How I’m Maintaining the Ability to Speak Six Languages

It’s now been over a month since Vat and I returned from Korea and ended the year without English. Now is the most sensitive time for determining whether I can maintain the ability to speak Spanish, Portuguese, Chinese and Korean, so I wanted to share my plan.

If you learn something quickly you also forget it quickly. Luckily, this has an easy solution: small practice sessions, scheduled in advance.

When I learned French, my strategy coming back to Canada for maintaining my ability was simply to practice a lot with French people. I’d try to meet French people and practice. When I wasn’t doing that I’d try to read books in French or watch movies.

This strategy had a major drawback: it’s not a habit. Trying to meet people who speak the target language results in random bursts of practice. Books and movies are great, but once the book is finished you might have a few months before you read another in that language.

My French level actually improved in the few months after I left France. However, as the years went on, it started to slip. My French level today is definitely lower than my best.

My Current Strategy for Language Maintenance

This time around, I wanted to try something different. Instead of relying on meeting people, or even sustaining my motivation to learn the language, I would schedule, in advance, one conversation session each week through iTalki.

I started doing this with French, Spanish, Portuguese and Chinese while I was in Korea. Now that I’m back I’ve done the same with Korean. Right now I’m only doing half-hour sessions for the Romance languages, which I speak better, and an hour for Chinese and Korean. That means my weekly time commitment is 3.5 hours.

Will 3.5 Hours Be Enough to Maintain Five Languages?

The amount of maintenance you need to maintain knowledge decreases exponentially with time. This is the secret behind SRS software: by lengthening the review time between concepts, you require less and less exposure to remember.

Three-and-a-half hours is probably not enough time to maintain my level of the languages on its own. As a result, my ability will probably diminish (assuming I do nothing other than this practice) for the first few months.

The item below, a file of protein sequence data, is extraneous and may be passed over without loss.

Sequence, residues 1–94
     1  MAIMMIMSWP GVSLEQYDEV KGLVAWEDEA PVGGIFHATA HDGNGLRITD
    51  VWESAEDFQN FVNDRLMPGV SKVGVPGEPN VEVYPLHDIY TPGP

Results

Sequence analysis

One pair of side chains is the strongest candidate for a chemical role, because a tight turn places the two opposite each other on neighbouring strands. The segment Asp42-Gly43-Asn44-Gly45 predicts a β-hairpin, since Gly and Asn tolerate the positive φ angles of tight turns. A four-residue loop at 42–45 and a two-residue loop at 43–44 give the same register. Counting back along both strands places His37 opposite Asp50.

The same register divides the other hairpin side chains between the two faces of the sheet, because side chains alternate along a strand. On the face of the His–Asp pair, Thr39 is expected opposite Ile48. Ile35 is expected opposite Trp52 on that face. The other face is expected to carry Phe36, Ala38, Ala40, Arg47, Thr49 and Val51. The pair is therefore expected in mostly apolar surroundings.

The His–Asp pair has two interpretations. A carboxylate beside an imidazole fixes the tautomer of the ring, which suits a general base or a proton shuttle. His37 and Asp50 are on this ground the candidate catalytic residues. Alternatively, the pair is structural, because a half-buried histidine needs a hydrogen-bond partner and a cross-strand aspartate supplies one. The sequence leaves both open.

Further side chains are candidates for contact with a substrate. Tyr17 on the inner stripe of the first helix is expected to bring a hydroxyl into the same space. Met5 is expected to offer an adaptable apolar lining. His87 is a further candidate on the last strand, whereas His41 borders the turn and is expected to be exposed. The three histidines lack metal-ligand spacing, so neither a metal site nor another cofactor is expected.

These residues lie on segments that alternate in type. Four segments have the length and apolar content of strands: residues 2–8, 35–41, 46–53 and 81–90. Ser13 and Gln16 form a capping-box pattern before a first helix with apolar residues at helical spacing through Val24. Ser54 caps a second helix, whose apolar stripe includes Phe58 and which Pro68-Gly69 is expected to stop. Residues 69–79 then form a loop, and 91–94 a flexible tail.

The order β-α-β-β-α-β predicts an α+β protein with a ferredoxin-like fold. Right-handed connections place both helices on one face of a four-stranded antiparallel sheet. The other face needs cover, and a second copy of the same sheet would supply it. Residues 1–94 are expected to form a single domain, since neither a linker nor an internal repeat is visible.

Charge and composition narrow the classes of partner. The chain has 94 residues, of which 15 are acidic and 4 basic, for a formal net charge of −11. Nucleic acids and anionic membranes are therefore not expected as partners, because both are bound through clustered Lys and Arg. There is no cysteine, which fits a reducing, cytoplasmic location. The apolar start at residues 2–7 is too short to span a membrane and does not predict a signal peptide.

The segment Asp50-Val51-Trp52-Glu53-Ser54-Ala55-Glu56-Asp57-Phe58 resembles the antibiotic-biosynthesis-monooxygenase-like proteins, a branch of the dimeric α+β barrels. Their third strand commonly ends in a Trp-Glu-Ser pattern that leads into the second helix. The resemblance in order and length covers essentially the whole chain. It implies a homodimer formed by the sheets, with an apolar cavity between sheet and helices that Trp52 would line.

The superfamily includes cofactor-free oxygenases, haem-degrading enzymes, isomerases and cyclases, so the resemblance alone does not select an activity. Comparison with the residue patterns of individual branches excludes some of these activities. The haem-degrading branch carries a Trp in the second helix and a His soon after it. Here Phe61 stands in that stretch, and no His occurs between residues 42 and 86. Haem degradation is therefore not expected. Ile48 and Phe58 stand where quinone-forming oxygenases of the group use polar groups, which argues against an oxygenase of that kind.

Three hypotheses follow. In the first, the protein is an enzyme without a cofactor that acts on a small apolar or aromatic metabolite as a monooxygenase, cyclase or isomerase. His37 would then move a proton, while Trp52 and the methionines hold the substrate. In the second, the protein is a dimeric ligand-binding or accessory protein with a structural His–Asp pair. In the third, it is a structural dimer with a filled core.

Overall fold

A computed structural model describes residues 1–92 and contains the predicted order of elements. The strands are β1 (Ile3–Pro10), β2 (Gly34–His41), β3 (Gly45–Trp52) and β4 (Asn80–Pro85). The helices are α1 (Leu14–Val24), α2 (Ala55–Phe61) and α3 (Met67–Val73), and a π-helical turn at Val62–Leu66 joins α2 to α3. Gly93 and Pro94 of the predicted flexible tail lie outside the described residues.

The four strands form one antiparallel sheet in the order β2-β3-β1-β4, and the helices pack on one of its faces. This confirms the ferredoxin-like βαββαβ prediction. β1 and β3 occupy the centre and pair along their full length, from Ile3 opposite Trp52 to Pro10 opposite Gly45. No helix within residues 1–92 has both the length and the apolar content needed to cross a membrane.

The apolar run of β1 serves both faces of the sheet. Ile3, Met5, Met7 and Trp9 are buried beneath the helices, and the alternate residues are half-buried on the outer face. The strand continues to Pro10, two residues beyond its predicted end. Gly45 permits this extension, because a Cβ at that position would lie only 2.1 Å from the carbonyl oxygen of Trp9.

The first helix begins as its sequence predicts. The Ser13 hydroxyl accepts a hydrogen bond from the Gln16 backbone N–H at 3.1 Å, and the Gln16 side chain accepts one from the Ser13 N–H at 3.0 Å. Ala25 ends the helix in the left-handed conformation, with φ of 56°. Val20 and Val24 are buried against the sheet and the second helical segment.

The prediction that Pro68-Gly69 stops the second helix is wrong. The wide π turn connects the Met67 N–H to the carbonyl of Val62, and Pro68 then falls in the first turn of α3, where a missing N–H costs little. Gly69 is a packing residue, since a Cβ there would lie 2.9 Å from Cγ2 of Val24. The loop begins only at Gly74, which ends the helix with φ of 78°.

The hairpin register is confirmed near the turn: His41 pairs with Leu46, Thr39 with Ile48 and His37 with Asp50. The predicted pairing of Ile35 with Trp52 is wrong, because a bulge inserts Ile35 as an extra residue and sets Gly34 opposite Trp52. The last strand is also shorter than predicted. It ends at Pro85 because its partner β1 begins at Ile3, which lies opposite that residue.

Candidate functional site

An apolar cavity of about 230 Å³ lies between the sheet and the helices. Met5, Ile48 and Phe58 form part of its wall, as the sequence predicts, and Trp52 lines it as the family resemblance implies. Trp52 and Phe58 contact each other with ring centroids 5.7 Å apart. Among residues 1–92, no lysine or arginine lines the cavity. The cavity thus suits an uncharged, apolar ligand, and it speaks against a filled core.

However, because my goal is to maintain these hours as a habit, my hope is that eventually 3.5 hours will be more than enough to maintain and I can start improving again. Since the memory demands are decreasing while the time commitment is flat, this results in my total ability going through a dip and then slowly rising again.

How Has It Worked So Far?

I’ve been doing this in Canada since I got back, and in Korea for two months, so that gives me three months to judge this language-maintenance strategy. With that, I have a couple thoughts:

  1. Conversation practice doesn’t sample the full range of a language. Especially when it’s done one-on-one through Skype, certain linguistic categories aren’t practiced enough or missed (like the vocabulary for ordering food or giving directions).
  2. iTalki is great for scheduling sessions in advance. I’ve been doing tutoring, rather than conversation exchange, but you could use the website for conversation exchanges if you want to save money. Scheduling the tutoring means I can automatically make the appointment to practice a language and not have to fuss with trying to find speakers.
  3. Conversation practice may not sample everything in a language, but it does tend to focus on the important parts needed for communication. My goal is to be able to speak any of these languages immediately if a situation arises, so I think it’s more important to keep my conversational skills sharp than reading or listening.

Beyond the Habit

Just coming off this challenge, I still have a lot of the momentum, so I’ve been spending a fair bit more than the 3.5 hours on the languages. I’ve spent about 30 minutes a day getting caught up on my Anki review queue, I’ve been watching some television in Chinese and I started reading 西游记 (Journey to the West).

I’ve also met people who speak these languages in Vancouver and having calls with friends I met during the trip. If you include this time to my tutoring, I wouldn’t be surprised if it wasn’t closer to 7-8 hours per week I’ve spent practicing.

But, I know that as my life gets busy once again and my focus shifts to learning other things, I may not have the same spontaneous interest to study these languages. Therefore, keeping this 3.5 hour commitment simplifies the maintenance process considerably. When I want to push for a better level in a particular language, I can, but I know that even if my focus shifts I’ll still be putting a minimal amount of practice to maintain those languages.